BOSTON (CBS) — As the number of coronavirus cases continues to grow, we are receiving a number of questions from the public. Dr. Mallika Marshall answered some of the questions sent to WBZ-TV’s Facebook, Instagram, and Twitter accounts.
Why can’t everyone get tested? Why the need to wait for symptoms? I think you can track it better. -Joey, FacebookREAD MORE: Boston Police Searching For Missing Girl In Mattapan
You’re absolutely right, Joey. In order to figure out who has it and who doesn’t, we need to do more widespread testing. Unfortunately, we still don’t have enough tests to do that. We’re getting more each week and slowly relaxing the testing guidelines, but right now we don’t have the ability to even test all of the people with symptoms, much less those without.
How reliable are the COVID-19 tests? -Susan
Some experts believe that up to 30% of people who actually have the infection will have a negative test. One reason is that the swab has to get deep into the nasal cavity to get a good sample and if not done correctly you may get a false negative. So many doctors are continuing to assume that patients with typical symptoms have COVID-19 even if the initial swab is negative.READ MORE: CDC Director Says Trick-Or-Treating Is Safe For Kids This Halloween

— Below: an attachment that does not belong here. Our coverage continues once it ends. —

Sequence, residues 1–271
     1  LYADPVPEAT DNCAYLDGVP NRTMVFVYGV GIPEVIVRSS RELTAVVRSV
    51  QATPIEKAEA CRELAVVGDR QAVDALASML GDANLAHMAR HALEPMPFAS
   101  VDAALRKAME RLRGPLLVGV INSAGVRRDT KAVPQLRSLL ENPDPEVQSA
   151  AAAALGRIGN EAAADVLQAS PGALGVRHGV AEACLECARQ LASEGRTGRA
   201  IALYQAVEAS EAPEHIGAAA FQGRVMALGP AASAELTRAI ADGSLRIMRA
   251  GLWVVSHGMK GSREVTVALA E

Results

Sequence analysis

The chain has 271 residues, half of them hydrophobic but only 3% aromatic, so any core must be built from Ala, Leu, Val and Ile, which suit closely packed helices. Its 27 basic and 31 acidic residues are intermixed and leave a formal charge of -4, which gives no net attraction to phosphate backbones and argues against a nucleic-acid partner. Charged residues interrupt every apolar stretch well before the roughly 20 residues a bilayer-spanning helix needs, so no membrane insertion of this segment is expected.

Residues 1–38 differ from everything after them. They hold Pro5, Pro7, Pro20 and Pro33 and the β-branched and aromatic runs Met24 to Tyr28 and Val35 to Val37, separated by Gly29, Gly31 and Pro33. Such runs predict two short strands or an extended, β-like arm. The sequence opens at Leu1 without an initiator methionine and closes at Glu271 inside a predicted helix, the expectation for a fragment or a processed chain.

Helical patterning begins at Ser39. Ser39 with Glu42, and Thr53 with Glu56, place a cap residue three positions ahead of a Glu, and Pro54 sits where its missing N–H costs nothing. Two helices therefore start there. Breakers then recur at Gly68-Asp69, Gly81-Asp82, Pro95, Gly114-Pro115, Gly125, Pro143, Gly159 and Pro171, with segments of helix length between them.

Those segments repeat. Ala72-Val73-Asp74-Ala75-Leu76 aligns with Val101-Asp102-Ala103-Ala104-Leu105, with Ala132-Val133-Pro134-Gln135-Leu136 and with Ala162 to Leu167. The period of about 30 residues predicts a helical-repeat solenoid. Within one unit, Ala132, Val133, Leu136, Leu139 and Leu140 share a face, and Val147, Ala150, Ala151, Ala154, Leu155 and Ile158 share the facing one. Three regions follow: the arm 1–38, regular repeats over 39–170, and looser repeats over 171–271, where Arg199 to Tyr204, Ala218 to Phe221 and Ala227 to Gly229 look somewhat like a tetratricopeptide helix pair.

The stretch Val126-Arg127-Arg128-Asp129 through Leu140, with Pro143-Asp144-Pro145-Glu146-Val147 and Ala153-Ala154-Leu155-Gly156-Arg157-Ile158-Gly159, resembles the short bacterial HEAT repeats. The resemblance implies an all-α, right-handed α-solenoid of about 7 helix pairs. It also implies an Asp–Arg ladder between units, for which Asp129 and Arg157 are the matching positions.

How quickly does hand sanitizer kill the coronavirus? -Marisol
I spoke to an Infectious Disease specialist at Mass. General and she said the key is to make sure the sanitizer completely dries on your hand before you can trust that the virus has been neutralized. So after a squirt, rub your hands together thoroughly until your hands are dry before touching anything else.
When I walk past someone wearing perfume, even at seven to 10 feet away, I can smell the scent in the air. Why is it that the scent travels further than six feet in the air, but the virus droplets supposedly don’t? -RicMORE NEWS: Plympton Couple Starring In New HGTV Show On Repairing Historic Homes
Larger droplets like from a cough or sneeze do tend to settle onto surfaces rather than linger in the air. There has been some debate about whether smaller droplets can float in the air and even if they do, whether someone can become infected from them. You may have heard about a recent CDC study that found droplets may be able to travel up to 13 feet. Another good reason to stay as far away from others as possible.